The Beginning of Tough Angels, and How You Can Help

Dear Friends,

Since my last words in 2009, I have now made it my mission to support abused women and children in developing countries.  I have developed the organization Tough Angels, and I have applied for and received the government not-for-profit status, which took more than a year.  I have provided school-based funding in Kenya for the past two years.  Through this time, I have also noticed that the desire to serve others is often impeded by obstacles: fund raising, government red tape, and the absence of paid staff.  This only names a few.  It is necessary to implement plans and ideas and then have the faith to step back far enough to let the nonprofit morph into itself.  Strategies often require modification and sometimes, elimination.  Programs that address the needs of women and children of violence are not necessarily universal; what works in the US may not be appropriate for victims in developing countries.  There is a learning curve to weeding away the minutiae so as not to be lost in the flood of details.  However, I must also make detailed efforts as I learn about how to run a nonprofit organization.

We have been especially fortunate to connect with people who are passionate about Tough Angels’ work, who advocate for the power of collective efforts.  Tough Angels has been invited to partner with Servant Forge, the UN/UNICEF, and the IRC (International Rescue Committee) to serve on the steering committee to develop a Gender Based Violence (GBV) Resource Center in Lodwar, Kenya.  This effort will serve the refugees migrating to the camps from S. Sudan and Somalia.  Currently, there are no programs in place to address this consuming devastation.

In August, I will go first to South Africa to interview primary schools to set up a grant program for educating at-risk children from the townships.  Rape and child trafficking is a growing terror shared by poverty stricken women and children.  Studies have shown that a girl in South Africa is more likely to be raped than to learn to read or write.  Research also indicates that only 1 in 9 child rapes are ever reported.  This makes it nearly impossible to convict most rapists.  Median income for this area is $300/year and the cost to send a child to school is $195/year.  Obviously, most children don’t have a chance at an education.  Based on my experience, education seems to hold the ticket for hope, a safer existence, and a chance to rise above a life of poverty.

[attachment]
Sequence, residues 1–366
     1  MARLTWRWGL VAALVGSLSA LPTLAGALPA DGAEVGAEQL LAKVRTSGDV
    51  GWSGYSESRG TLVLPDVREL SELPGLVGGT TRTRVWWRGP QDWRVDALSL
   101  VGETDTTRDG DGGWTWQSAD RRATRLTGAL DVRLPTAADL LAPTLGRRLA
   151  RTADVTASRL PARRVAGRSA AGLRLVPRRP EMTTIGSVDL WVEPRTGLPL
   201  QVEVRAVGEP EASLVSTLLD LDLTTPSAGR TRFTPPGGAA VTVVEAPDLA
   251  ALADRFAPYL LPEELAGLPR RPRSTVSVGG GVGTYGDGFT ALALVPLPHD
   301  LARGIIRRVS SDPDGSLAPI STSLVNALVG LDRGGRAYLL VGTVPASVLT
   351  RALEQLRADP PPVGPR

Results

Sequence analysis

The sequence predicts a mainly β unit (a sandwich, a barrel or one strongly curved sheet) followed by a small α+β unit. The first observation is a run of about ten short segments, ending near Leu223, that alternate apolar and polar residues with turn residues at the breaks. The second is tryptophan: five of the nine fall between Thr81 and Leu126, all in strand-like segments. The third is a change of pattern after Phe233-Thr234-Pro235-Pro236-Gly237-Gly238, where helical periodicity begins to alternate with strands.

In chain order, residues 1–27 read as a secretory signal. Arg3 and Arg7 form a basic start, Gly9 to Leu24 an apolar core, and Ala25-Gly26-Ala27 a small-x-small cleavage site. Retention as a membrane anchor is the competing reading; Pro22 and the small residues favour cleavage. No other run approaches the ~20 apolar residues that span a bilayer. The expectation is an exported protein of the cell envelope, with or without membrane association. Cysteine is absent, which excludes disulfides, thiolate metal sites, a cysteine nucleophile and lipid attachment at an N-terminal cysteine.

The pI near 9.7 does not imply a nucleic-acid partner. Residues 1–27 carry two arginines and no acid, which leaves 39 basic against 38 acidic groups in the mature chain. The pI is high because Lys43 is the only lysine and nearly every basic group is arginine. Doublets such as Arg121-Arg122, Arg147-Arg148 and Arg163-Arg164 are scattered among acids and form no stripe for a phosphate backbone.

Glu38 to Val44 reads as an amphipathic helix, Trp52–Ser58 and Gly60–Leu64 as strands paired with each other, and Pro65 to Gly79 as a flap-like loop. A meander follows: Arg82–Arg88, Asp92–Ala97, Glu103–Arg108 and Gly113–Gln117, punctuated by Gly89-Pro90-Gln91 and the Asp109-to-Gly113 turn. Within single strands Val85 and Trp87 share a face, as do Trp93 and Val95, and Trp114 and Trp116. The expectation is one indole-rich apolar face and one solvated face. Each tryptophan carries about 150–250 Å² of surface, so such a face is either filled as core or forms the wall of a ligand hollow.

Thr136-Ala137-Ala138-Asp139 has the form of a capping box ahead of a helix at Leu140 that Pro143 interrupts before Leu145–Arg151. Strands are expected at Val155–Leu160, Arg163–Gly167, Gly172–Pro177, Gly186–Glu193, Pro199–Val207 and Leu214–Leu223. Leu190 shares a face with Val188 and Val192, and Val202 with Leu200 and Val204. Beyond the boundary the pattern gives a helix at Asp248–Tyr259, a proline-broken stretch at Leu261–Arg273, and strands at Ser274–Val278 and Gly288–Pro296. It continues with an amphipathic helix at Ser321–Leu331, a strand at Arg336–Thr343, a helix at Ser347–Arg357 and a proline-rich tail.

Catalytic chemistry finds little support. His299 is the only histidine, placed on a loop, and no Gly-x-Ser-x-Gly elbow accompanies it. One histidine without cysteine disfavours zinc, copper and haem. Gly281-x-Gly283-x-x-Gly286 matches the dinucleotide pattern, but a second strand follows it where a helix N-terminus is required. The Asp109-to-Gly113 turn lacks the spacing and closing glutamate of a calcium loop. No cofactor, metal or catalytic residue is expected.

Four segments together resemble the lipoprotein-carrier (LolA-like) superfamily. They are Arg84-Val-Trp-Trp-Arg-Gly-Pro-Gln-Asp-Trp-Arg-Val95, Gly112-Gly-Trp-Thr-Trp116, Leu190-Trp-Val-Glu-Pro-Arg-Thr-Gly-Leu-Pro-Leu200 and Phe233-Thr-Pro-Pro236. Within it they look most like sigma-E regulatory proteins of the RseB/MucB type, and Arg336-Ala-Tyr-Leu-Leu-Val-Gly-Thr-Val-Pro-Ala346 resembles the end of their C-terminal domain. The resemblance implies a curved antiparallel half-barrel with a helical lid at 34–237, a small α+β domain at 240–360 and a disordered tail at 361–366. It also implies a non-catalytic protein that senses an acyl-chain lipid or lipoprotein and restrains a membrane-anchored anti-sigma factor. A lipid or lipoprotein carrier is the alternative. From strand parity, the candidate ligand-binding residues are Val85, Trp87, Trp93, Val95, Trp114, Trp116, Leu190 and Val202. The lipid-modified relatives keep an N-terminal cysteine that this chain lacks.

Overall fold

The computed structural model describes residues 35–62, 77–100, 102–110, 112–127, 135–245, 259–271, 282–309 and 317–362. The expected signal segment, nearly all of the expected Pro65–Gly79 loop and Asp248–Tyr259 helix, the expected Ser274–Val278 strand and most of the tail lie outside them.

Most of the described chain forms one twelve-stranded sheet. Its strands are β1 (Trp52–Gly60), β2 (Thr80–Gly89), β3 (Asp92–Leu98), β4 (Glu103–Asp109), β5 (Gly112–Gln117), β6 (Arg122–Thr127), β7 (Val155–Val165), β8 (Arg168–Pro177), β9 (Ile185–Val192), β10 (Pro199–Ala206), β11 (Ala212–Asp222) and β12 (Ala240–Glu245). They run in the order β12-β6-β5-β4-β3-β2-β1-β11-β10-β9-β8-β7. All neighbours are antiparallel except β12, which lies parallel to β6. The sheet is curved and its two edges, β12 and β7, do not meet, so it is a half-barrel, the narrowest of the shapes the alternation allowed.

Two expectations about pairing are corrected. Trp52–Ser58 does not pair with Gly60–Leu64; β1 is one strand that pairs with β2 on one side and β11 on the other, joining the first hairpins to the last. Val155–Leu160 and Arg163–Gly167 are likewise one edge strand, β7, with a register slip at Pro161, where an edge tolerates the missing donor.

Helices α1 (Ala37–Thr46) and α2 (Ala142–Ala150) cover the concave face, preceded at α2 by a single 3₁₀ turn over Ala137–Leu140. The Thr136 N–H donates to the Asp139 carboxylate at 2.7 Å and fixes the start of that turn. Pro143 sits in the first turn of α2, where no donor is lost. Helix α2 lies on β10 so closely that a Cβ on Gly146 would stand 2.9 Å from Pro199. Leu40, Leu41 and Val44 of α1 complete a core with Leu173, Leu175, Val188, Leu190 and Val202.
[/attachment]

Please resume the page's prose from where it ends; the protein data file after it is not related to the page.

From South Africa, I will then travel to Kenya to assess the needs and formulate a strategic plan for the GBV Resource Center.

The United States economy has had an impact on nonprofits everywhere – but it doesn’t mean we can give up.  Tough Angels has created an alternative way to donate with The Wedding Ring Project.  We are asking people to donate unused, unwanted, broken, or repurposed jewelry to fund our education program and the GBV Center.  The gold/silver/platinum is sent to a refinery and melted down for cash.  What household doesn’t have a piece of broken or forgotten jewelry?  In many cases, I know that jewelry may hold past meaning that is revitalized when its funds are donated to support abused women and children.  This is such an easy way to donate!  In my case, pawning my wedding ring to help put a roof over a Zulu woman and her house full of orphans became a catharsis that not only helped them; it healed me.

We are so grateful for your interest and assistance in this important work.  Please contact me for further info.